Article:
Unicast is like a private conversation between two points: It’s a one-to-one communication type where data travels directly from the sender to a single recipient. While not always the most scalable option, unicast excels in situations involving only two communicating points. When there’s a straightforward dialogue between specific devices, unicast emerges as the optimal choice.

Broadcast

Broadcast is a one-to-all communication type where data is sent to all devices on the network segment, whether they are interested or not. The Address Resolution Protocol (ARP) is a classic example of broadcast traffic: ARP messages are sent to the local broadcast address, obliging all receivers to process them. Broadcast is considered inefficient when confronted with numerous uninterested receivers and is unsuitable for use on the Internet due to its enormous scope.

Multicast

Multicast is designed to broadcast information to a group of recipients. It’s a point-to-multipoint (one-to-many) or multipoint-to-multipoint (many-to-many) type of communication.

In multicast, there is a packet with a single destination address, which is a special group address that represents a set of receivers. This packet is replicated at the edge node, which can be a router or switch that supports multicast routing protocols and functions. The edge node replicates the packet based on the multicast group membership information and forwards it to the appropriate interfaces or tunnels.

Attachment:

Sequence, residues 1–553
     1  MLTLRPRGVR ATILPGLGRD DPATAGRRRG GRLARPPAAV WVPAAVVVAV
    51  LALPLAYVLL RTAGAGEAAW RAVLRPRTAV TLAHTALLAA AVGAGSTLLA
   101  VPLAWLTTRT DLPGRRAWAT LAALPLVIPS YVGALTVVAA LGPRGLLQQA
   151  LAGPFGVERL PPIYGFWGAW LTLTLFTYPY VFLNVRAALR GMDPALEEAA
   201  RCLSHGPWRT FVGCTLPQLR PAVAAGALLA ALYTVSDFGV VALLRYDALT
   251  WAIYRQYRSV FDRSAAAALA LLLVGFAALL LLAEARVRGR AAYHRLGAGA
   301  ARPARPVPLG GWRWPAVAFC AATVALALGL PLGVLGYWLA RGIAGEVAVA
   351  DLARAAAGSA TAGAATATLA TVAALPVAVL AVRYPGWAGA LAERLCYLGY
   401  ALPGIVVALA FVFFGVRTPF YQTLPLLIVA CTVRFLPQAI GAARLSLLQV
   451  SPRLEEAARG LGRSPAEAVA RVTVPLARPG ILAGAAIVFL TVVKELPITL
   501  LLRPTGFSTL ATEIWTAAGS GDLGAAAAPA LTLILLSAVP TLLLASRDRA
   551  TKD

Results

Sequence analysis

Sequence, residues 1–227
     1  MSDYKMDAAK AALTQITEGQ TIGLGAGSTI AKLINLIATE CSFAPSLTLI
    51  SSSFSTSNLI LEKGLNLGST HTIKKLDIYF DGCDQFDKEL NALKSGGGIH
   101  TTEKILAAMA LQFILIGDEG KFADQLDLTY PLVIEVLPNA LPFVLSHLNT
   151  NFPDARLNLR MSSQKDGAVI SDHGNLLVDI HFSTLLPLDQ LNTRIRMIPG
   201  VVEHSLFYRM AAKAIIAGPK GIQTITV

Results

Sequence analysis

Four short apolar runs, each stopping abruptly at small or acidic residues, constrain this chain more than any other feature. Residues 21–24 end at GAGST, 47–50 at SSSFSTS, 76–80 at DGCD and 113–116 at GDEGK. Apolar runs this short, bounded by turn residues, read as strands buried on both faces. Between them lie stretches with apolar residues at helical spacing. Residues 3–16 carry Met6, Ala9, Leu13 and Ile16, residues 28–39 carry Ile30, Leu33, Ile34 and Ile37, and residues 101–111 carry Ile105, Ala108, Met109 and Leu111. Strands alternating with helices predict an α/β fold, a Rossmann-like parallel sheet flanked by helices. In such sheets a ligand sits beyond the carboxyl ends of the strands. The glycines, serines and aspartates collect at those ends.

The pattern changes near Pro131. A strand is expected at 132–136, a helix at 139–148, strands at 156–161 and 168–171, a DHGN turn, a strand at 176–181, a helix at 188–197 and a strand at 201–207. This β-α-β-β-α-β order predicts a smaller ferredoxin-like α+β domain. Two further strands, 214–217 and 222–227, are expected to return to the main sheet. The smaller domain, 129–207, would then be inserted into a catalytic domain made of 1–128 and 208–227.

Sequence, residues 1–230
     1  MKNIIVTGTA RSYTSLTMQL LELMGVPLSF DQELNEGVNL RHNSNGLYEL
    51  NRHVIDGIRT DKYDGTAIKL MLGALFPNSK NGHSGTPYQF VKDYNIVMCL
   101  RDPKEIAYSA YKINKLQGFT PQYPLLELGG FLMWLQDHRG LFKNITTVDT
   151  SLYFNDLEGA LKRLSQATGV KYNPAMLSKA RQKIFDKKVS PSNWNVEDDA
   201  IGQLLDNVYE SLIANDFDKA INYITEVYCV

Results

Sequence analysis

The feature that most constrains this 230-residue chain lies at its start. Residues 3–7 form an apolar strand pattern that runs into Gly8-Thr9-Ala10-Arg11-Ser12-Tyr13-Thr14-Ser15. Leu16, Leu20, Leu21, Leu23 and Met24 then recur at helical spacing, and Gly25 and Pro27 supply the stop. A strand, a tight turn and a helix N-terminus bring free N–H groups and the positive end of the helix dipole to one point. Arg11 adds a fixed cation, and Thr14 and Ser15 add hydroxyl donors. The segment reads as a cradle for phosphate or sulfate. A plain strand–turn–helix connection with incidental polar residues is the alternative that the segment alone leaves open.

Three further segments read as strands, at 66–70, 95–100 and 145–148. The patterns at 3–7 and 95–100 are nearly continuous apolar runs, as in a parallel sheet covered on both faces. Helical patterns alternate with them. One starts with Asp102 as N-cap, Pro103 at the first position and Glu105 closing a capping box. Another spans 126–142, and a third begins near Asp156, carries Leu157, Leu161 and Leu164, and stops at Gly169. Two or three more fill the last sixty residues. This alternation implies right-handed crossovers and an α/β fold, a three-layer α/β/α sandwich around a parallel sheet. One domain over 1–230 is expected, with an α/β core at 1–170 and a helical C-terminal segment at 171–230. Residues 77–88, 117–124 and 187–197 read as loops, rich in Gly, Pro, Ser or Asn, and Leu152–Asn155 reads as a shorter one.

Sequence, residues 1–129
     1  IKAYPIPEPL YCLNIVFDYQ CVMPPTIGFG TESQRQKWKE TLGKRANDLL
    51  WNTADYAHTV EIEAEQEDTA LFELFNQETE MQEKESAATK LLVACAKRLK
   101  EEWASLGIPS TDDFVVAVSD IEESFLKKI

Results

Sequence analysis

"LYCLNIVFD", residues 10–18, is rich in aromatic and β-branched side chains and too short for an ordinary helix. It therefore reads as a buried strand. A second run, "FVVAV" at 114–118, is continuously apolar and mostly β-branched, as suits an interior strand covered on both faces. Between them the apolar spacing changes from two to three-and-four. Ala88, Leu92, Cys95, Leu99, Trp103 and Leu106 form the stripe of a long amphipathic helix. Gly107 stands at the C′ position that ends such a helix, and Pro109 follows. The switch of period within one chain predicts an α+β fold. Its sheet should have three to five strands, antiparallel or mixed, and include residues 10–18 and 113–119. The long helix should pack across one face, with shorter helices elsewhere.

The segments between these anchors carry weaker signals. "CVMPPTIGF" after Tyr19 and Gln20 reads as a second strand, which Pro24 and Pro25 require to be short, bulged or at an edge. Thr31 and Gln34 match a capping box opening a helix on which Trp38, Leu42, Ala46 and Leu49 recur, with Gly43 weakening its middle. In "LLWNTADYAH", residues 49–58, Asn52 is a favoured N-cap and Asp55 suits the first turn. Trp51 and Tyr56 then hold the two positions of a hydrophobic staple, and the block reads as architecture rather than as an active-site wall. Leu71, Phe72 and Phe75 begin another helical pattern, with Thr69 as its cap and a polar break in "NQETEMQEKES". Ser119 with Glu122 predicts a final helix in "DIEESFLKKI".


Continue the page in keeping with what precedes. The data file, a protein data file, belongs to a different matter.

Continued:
Multicast is intended to be a more intelligent option for one-to-many communication than the “shotgun approach” of broadcast. This efficient distribution method optimizes bandwidth usage, making it an ideal choice for applications such as video streaming, online gaming, and software updates, where reaching multiple subscribers simultaneously is critical.

Anycast

As we explained earlier, anycast revolutionizes IP address deployment by introducing a unique approach. In this method, multiple devices share the same IP address and subnet mask, and data is routed to the topologically nearest point within the anycast group, guided by routing protocols such as the Border Gateway Protocol (BGP). This strategic operation ensures that data takes the shortest route to its destination, optimizing both speed and efficiency.

Comparison of network addressing methods.

Summary

The table below summarizes the different message addressing methods discussed below.

Definition of DNS Anycast

The foundation of DNS Anycast is that each DNS server on the network advertises the identical /32 (or /128) subnet that represents the selected IP address for DNS operations. However, these DNS server instances also have unique IP addresses intended for management and identification purposes within the network.

Whenever clients initiate DNS queries to the anycast address, the core network takes the initiative and orchestrates a seamless journey. Using the optimal anycast route metric, the network routes the query to the closest available DNS server, ensuring minimal latency and optimized response times.